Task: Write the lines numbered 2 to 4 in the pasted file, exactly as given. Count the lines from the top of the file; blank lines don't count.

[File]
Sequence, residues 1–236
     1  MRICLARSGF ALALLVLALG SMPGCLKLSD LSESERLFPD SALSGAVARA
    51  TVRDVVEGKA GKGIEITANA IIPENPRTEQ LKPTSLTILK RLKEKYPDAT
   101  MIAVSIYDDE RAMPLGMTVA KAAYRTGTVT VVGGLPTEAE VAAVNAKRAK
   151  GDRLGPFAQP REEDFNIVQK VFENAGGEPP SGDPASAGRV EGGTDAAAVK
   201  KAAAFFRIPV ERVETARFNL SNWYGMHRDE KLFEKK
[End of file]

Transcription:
     1  MRICLARSGF ALALLVLALG SMPGCLKLSD LSESERLFPD SALSGAVARA
    51  TVRDVVEGKA GKGIEITANA IIPENPRTEQ LKPTSLTILK RLKEKYPDAT
   101  MIAVSIYDDE RAMPLGMTVA KAAYRTGTVT VVGGLPTEAE VAAVNAKRAK